To explore how marine snow and plastics are distributed in the water column, Mincer began taking samples from deeper water, using a dishwasher-sized pump, filled with filters, that hangs from a cable attached to a research vessel. The filters are arranged from large mesh to small mesh so as not to allow fish and plankton to enter. Operating for ten straight hours at a time, these pumps have revealed fibers of nylon and other microplastics distributed throughout the entire water column below the subtropical gyre of the South Atlantic.
But even with a research vessel and its cumbersome, expensive equipment, it is not easy to retrieve an individual piece of marine snow from deep water in the real ocean. Bombs often disperse snow and fecal balls. And the flakes alone offer little clue as to how quickly some snow is sinking, information that is vital to understanding how long plastics stay, move up and down, or sink in the water column before settling. up on the sea bed.
“Is it decades?” asked Mincer. “Hundreds of years? With that information, we could understand what we’re facing here and what kind of problem this really is.”
instant sea snow
To answer these questions and work within a set budget, some scientists have produced and manipulated their own marine snow in the laboratory.
In Exeter, Porter harvested buckets of seawater from a nearby estuary and poured the water into bottles that roll continuously. Then he threw microplastics into the water, including tiny spheres of polyethylene and polypropylene fibers. The constant motion, plus a splash of sticky hyaluronic acid, encouraged the particles to collide and clump together, forming snow.
“Of course we don’t have a 300-meter-deep tube to make the snow sink in,” Porter said. “But by rolling the bottles, we’re creating an endless column of water through which particles can fall.”
After the bottles had been rolled for three days, he removed the snow and analyzed the number of microplastics in each flake. His team found that all types of microplastics they tested aggregated with sea snow and that microplastics such as polypropylene and polyethylene, normally too buoyant to sink on their own, sank readily when incorporated into sea snow. And all marine snow contaminated with microplastics fell much faster than natural marine snow.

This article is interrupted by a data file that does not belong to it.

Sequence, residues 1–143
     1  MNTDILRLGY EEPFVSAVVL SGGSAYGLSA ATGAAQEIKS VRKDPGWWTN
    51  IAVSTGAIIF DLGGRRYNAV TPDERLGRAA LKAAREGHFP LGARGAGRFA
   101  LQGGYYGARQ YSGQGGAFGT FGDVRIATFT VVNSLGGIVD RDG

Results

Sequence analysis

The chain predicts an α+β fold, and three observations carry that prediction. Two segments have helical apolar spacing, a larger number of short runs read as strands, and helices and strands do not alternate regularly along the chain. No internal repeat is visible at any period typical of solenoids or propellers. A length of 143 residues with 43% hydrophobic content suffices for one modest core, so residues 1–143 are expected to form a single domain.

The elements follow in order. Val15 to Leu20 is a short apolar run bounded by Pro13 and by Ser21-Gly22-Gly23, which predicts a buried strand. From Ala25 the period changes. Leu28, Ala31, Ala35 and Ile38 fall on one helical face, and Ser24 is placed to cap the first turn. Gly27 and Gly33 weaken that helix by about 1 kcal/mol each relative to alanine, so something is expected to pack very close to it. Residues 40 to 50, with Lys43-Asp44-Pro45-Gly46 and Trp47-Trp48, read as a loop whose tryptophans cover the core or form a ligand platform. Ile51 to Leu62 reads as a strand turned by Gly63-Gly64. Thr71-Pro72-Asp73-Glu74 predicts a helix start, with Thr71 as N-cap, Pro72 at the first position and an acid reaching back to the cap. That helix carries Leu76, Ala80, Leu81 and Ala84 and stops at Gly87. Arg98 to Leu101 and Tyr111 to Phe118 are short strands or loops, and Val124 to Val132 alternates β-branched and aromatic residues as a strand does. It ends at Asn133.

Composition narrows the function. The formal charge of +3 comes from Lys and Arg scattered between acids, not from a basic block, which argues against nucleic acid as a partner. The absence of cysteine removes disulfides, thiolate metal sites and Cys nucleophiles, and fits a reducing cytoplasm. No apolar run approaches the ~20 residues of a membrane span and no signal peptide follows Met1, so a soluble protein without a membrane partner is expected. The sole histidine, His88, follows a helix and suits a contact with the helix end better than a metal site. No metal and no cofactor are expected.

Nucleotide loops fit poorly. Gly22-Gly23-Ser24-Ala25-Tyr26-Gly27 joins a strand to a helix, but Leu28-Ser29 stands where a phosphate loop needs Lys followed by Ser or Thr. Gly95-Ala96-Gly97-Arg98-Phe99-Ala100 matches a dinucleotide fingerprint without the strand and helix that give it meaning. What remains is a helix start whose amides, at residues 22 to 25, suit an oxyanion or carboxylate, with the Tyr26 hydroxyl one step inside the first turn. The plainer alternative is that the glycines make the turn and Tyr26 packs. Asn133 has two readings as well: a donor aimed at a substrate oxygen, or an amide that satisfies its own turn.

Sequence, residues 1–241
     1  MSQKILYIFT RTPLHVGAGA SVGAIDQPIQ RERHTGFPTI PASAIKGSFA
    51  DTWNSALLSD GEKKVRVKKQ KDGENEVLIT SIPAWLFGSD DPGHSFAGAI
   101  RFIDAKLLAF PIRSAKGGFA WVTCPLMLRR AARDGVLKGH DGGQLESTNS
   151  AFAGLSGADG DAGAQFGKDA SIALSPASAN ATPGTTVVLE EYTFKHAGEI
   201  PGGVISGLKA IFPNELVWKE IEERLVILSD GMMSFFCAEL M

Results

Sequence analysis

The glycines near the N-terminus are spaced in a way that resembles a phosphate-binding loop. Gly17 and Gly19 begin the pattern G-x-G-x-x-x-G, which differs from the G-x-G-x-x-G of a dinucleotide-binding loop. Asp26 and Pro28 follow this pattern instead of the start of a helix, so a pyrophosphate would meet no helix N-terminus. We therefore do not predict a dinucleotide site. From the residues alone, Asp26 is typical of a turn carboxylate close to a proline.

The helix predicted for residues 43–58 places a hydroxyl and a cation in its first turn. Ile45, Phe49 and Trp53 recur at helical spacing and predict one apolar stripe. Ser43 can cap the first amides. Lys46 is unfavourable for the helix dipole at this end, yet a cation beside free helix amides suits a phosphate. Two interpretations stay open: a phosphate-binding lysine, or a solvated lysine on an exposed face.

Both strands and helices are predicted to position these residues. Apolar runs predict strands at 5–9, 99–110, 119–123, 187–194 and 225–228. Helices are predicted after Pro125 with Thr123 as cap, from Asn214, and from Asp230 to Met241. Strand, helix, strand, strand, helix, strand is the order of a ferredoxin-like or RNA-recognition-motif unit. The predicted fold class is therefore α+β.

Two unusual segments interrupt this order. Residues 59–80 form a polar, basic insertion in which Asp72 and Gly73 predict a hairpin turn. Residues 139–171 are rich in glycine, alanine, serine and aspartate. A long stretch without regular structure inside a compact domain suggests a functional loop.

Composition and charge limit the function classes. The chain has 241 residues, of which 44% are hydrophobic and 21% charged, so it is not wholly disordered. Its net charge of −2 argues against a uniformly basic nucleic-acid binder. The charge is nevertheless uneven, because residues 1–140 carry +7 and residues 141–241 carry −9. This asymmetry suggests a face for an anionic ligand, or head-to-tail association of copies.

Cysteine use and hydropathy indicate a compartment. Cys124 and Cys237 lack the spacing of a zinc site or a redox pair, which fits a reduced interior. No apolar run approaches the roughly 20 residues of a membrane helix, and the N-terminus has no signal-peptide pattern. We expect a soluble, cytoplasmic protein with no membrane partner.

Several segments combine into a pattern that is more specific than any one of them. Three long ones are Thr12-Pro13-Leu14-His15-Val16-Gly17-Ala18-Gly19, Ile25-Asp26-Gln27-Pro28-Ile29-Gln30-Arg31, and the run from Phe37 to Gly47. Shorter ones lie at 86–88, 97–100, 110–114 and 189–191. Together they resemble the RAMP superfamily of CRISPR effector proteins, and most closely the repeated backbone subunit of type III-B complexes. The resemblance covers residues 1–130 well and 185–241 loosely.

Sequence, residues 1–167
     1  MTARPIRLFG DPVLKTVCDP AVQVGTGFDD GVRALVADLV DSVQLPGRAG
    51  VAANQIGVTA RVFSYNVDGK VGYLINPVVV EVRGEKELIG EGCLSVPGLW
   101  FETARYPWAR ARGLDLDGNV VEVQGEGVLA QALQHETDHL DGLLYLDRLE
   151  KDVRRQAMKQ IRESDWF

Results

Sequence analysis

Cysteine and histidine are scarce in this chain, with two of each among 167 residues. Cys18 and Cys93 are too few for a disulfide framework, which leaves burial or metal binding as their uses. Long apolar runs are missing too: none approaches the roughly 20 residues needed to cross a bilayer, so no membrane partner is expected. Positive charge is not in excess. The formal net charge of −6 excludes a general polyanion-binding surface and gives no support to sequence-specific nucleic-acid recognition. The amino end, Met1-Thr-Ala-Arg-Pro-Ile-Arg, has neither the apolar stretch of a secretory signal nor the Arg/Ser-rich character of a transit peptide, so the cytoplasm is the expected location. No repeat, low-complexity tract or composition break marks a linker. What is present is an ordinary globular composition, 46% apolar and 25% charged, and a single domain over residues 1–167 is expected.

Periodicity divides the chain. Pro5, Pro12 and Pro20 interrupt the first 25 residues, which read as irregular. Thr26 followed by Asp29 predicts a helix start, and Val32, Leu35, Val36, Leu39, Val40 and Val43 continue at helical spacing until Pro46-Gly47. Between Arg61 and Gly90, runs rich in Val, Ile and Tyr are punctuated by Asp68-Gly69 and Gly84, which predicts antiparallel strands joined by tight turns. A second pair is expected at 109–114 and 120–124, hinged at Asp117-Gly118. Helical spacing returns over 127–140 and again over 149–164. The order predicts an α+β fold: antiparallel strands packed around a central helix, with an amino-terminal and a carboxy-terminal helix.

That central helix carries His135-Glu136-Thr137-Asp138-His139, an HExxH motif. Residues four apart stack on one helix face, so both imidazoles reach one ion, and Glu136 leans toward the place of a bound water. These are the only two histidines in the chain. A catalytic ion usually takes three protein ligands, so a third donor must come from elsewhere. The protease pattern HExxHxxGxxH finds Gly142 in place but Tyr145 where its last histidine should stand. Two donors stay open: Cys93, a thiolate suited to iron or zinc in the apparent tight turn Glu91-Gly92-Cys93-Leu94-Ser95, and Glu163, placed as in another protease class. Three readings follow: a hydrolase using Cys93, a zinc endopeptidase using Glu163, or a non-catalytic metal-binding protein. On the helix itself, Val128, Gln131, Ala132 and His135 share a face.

Porter suggested that this potential change in the speed of snowfall could have immense consequences for how the ocean captures and stores carbon. Faster drops can deposit more microplastics into the deep ocean, while slower drops can make plastic-laden particles more available to predators, potentially impoverishing deeper food chains.
“Plastics are a diet pill for these animals,” said Karin Kvale, a scientist who studies the carbon cycle at GNS Science in New Zealand.
a feast of plastics
To understand how microplastics can move through deep-sea food chains, some scientists are looking for clues in creatures.
At the Monterey Submarine Canyon, Anela Choy wanted to understand whether certain species of filter-feeding organisms are ingesting microplastics and transporting them to deeper water food chains. “Marine snow is one of the main things that ties together ocean food chains,” she said.
Choy studied the giant larvacean Bathochordaeus stygius. This larvacean resembles a tiny tadpole and lives inside a sumptuous bubble of mucus that can reach up to a meter in length. “It’s worse than the biggest poop you’ve ever seen in your life,” Choy said.
When their “snot houses” become clogged with so much food, the larvaceans abandon them, and the heavy bubbles sink. Choy found that these mucus palaces are filled with microplastics, which fall to the depths along with all the carbon.
Giant larvaceans are found in every ocean in the world, but Choy noted that his work focuses on the Monterey Submarine Canyon, which is part of a network of marine protected areas and not representative of other, more polluted seas.
“It’s a deep bay on the coast of a country,” Choy said. “Now think on a large scale and visualize the vastness of the ocean, especially the deep waters.”
The individual flakes of marine snow are small, but they are many. A model created by Kvale estimated that in 2010 the world’s oceans produced 340 quadrillion marine snow aggregates, which can transport up to 463,000 tonnes of microplastics per year to the seabed.
Scientists are still investigating exactly how this plastic snow is sinking, but they know for sure, Porter said, that “everything in the ocean ends up sinking.”
Hell’s Vampire Squid (Vampyroteuthis infernalis) live, die, and over time turn into marine snow. But the microplastics that pass through them will remain, eventually settling on the seafloor in a stratigraphic layer that will mark our passage across the planet long after humans are gone.
Translation by Clara Allain